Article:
Larchmont Family Therapy

4 Chatsworth Avenue
Larchmont, NY 10538

Therapy For Adolescents

“But if I tell you who I am you may not like who I am and that is all I have.”  - John Powell

  • Is your child having problems in school?
       (ie. failing grades, cutting classes, lack of friends or friends you disapprove of)
  • Do you and your child fight routinely?
  • Do you believe that your youngster spends too much time, playing video games or watching television?
  • Are you struggling to set firm rules about their screen time?
  • Are you worried that your child may be using alcohol or drugs?
  • Are you wondering if your son/daughter is sexually active?
  • Are you concerned that your child may be engaging in unsafe sex or pornography?
  • Starting in middle school do you see your child taking more responsibility for their behaviors?
  • Are you often confused about how to discern and balance strict rules with some permissiveness? 
  • If you have a parenting partner do you and he/she have a basic agreement on an approach to childrearing?
  • Are you or your co-parent often confused about under which circumstances to apply a strict rule or when to be more permissive? 


FOR PARENTS: As part of your or your child's therapy:

  • Learn how to stay connected with your child in meaningful ways, by remaining open to hearing about their opinions, dreams and preferences. You do not have to endorse them.
  • Learn why demonstrating confidence in your teen whenever possible, has a major influence on their decision making.
  • Learn about the importance of sometimes allowing your child to make mistakes you see coming from a mile away.
  • Learn how to create an atmosphere at home which balances trust with your child, with the ability to effectively intervene in their lives when absolutely necessary.

The challenges of raising healthy children in the 21st Century are legion. Many of them are reflected in the questions above. I include middle school children in this section because they have so much exposure to pop culture and media in general, that as pre-adolescents they face some of the same issues that only high school children faced even a half generation ago.

Adolescents are often forced into therapy by their parents or some other authority figure, like a school counselor. Goals for therapy may include a need for specific behavior changes, or to address more general concerns about a child's anxiety or depression. Once they are engaged non-judgmentally, most children soften into the process of therapy and many even find they like it. Initially I request to meet with both parents and their child to lay out the limits of confidentiality and to hear about the situation from each person's point of view. While respecting confidentiality, and depending on the parent-child relationship, I encourage my adolescent clients to share their concerns with their parents, especially if doing so can help resolve their issues. If they are willing and need help with this, joint sessions with parents may be indicated. If they are unwilling and they are sharing a dangerous situation with me, they already know from our initial ground rules that I will share the information with their parents in order for us to continue working together.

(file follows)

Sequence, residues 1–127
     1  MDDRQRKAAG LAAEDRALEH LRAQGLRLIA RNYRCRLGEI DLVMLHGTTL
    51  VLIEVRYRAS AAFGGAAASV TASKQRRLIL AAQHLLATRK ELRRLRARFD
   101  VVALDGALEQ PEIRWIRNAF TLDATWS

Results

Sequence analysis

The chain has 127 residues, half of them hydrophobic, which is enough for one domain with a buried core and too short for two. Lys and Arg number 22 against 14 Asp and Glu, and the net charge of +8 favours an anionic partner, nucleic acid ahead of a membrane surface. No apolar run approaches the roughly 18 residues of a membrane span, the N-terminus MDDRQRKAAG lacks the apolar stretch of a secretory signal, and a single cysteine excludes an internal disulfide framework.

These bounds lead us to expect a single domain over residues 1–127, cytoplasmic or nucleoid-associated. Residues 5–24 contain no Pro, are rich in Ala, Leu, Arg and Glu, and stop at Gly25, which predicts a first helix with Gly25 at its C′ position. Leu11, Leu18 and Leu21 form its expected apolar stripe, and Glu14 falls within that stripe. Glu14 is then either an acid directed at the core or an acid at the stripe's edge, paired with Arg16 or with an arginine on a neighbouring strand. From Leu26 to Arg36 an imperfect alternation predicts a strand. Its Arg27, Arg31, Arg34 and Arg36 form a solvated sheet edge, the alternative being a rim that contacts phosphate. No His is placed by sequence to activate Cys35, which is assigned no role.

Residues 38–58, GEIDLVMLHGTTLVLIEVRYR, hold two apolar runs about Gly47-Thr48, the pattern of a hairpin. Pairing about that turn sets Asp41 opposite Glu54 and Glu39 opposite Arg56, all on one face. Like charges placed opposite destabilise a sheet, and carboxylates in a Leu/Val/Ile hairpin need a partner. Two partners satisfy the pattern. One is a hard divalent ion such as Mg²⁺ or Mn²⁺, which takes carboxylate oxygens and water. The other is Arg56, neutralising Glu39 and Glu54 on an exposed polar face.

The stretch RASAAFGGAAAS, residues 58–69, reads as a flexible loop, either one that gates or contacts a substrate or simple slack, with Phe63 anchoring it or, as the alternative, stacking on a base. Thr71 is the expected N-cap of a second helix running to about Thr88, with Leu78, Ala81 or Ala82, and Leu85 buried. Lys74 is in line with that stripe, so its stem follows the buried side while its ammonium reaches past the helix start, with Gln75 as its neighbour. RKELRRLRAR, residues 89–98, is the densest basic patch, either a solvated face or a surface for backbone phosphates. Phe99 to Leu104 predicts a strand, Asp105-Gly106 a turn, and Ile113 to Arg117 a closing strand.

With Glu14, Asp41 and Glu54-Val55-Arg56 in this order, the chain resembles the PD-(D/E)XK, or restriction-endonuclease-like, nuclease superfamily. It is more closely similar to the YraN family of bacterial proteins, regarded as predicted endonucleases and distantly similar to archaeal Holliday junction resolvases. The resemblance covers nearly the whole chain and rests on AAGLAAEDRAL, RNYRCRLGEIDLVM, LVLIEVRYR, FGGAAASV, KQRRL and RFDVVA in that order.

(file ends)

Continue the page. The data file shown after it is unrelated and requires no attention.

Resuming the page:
As older adolescents begin to separate from their parents, some parents worry that the closeness they had when their child was younger, is bound to disappear. Teens consistently show me that even though they want their independence, they still want a positive relationship with their parents. Growing children continue to require lots of attention, throughout the teen years. Your teen may behave in a way that appears contrary to this fact. It may be hard at times to know precisely how and when to set limits during these years. Very tricky and sometimes confusing situations may arise, challenging parents to have the wisdom of Solomon. Depending on the presenting problem and the nature of the parent child relationship, I encourage parents to work with me on ways they can better problem solve at home.

Middle and High school children in therapy often benefit by gaining a better understanding of their parents’ concerns too. Sometimes I find they have an uncompromising view of what it takes to maintain their parents’ trust. I reality test with them.

Because children are exposed so early to media, they are acutely aware of world problems today, (ie. economic downturns, gun violence, global warming). As a result they often have lots of anxiety about their future and therapy can help them to gain more confidence in negotiating their world.


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